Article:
Archive for the Halloween Category

AWESOME-tober-fest 2016: Angel vs Frankenstein (2009)

Posted in comic books, Frankenstein, Halloween, holiday, horror, monsters, TV shows, vampires with tags , , , , , , , , , on October 25, 2016 by Paxton

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Back in 2011, when I did Dracula/vampires for my theme, I covered the appearance of Dracula in Buffy the Vampire Slayer.  This included several comic book appearances with Buffy and Spike.  So, I thought I should next cover another Buffy character teaming up with another classic monster.  Let’s see if this one fares any better.

In 2009, IDW released a one-shot called Angel vs Frankenstein. It was written and drawn by the great John Byrne.

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The story takes place after Mary Shelley’s novel, which we get a brief recap of in the comic. It also takes place before Angel is cursed by the gypsy to have a soul.  So, after Frankenstein discovers Victor dead in the arctic at the end of Shelley’s novel, he decides to return to his home to claim the right as the last heir of Frankenstein.  However, the monster realizes he can’t do it alone, so the monster hires Angelus to return to Castle Frankenstein with him to help. However, Angelus has different ideas and throws the monster out of the stagecoach and over a cliff.  He then goes to the castle to claim the fortune for himself. But the monster didn’t die, and it makes its way back for his revenge. Queue Frankenstein vs Angelus fight.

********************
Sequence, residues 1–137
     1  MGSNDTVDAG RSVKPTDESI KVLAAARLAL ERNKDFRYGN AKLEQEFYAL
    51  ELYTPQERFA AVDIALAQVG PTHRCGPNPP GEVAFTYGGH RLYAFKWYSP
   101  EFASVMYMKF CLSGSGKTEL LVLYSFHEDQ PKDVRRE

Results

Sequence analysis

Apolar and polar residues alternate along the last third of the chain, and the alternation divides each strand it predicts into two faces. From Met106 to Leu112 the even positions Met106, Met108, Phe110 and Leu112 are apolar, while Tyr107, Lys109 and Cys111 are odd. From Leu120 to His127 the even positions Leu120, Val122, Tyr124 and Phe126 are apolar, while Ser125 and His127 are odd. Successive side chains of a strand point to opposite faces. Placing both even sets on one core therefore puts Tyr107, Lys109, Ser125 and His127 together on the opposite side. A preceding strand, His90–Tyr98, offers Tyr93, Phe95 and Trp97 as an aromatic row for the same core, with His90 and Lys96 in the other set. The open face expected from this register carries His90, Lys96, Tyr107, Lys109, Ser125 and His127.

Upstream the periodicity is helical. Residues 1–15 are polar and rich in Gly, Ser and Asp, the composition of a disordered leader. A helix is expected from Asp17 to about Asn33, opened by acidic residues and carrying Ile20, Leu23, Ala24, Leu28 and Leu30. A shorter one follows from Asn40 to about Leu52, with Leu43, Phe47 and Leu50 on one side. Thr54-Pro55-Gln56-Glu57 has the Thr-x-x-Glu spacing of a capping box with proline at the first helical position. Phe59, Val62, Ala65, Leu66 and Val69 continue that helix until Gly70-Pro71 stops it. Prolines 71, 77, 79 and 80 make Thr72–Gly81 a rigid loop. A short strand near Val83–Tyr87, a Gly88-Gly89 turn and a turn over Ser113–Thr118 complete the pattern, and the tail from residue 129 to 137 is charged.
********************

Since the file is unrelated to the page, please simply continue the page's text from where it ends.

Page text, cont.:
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It’s a pretty good story. I like the setup. I love Byrne’s art. I enjoyed reading it. It’s only a one-shot, so it’s short, but Byrne makes the most of it.

Then in 2010, IDW released a sequel called, appropriately, Angel vs Frankenstein II.  This one-shot was also written and drawn by John Byrne.

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This takes place many years after the first comic. Angelus is now just Angel. He’s in America and working as a janitor at a mental hospital. He discovers the monster bound up in a hidden set of rooms in the hospital. Angel tries to sort out the mystery of how the monster got there but when the monster sees Angel, he goes off on a rampage thinking it’s Angelus and Angel has to stop him from tearing apart the city. We also learn a few secrets about the nature of this Frankenstein monster.

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Again, this is a good, if a bit more understated comic story. It’s another one shot, but Byrne makes good use of the characters and his art is great. I like the wrap up of the Frankenstein monster here. I’d definitely recommend these comics to a fan of Angel.


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Also, check out the blog Countdown to Halloween for more Halloween-y, bloggy AWESOMEness.

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AWESOME-tober-fest 2016: Cavalcade Comics #13 Halloween Edition!!

Posted in comic books, Halloween, holiday, monsters, pop culture, vampires, werewolf, werewolves with tags , , , , on October 24, 2016 by Paxton

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Here we are, the final week of AWESOME-tober-fest. It’s this week the last few years that I’ve started a tradition to diverge from my overall theme to do a sort of “greatest hits” of my previous topics.  So instead of more mummies, I’m happily going to be doing other things like vampires, werewolves and movie maniacs.